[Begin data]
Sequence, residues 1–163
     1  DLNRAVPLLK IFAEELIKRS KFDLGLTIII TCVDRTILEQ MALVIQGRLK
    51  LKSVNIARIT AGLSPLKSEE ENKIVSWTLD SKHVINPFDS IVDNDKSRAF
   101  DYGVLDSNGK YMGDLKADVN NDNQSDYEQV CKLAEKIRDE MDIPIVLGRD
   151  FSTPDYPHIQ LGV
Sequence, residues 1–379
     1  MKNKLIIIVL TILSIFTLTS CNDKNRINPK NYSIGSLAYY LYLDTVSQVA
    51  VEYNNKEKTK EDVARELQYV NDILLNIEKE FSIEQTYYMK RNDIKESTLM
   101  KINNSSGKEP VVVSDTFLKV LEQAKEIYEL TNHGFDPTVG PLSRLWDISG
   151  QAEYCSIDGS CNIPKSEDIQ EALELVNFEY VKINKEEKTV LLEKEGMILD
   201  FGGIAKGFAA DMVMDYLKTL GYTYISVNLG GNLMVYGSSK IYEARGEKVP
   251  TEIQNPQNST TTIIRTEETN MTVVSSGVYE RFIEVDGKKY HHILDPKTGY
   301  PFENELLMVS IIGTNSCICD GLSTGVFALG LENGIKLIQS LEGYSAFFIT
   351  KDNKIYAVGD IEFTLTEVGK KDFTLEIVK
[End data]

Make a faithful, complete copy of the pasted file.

Sequence, residues 1–163
     1  DLNRAVPLLK IFAEELIKRS KFDLGLTIII TCVDRTILEQ MALVIQGRLK
    51  LKSVNIARIT AGLSPLKSEE ENKIVSWTLD SKHVINPFDS IVDNDKSRAF
   101  DYGVLDSNGK YMGDLKADVN NDNQSDYEQV CKLAEKIRDE MDIPIVLGRD
   151  FSTPDYPHIQ LGV
Sequence, residues 1–379
     1  MKNKLIIIVL TILSIFTLTS CNDKNRINPK NYSIGSLAYY LYLDTVSQVA
    51  VEYNNKEKTK EDVARELQYV NDILLNIEKE FSIEQTYYMK RNDIKESTLM
   101  KINNSSGKEP VVVSDTFLKV LEQAKEIYEL TNHGFDPTVG PLSRLWDISG
   151  QAEYCSIDGS CNIPKSEDIQ EALELVNFEY VKINKEEKTV LLEKEGMILD
   201  FGGIAKGFAA DMVMDYLKTL GYTYISVNLG GNLMVYGSSK IYEARGEKVP
   251  TEIQNPQNST TTIIRTEETN MTVVSSGVYE RFIEVDGKKY HHILDPKTGY
   301  PFENELLMVS IIGTNSCICD GLSTGVFALG LENGIKLIQS LEGYSAFFIT
   351  KDNKIYAVGD IEFTLTEVGK KDFTLEIVK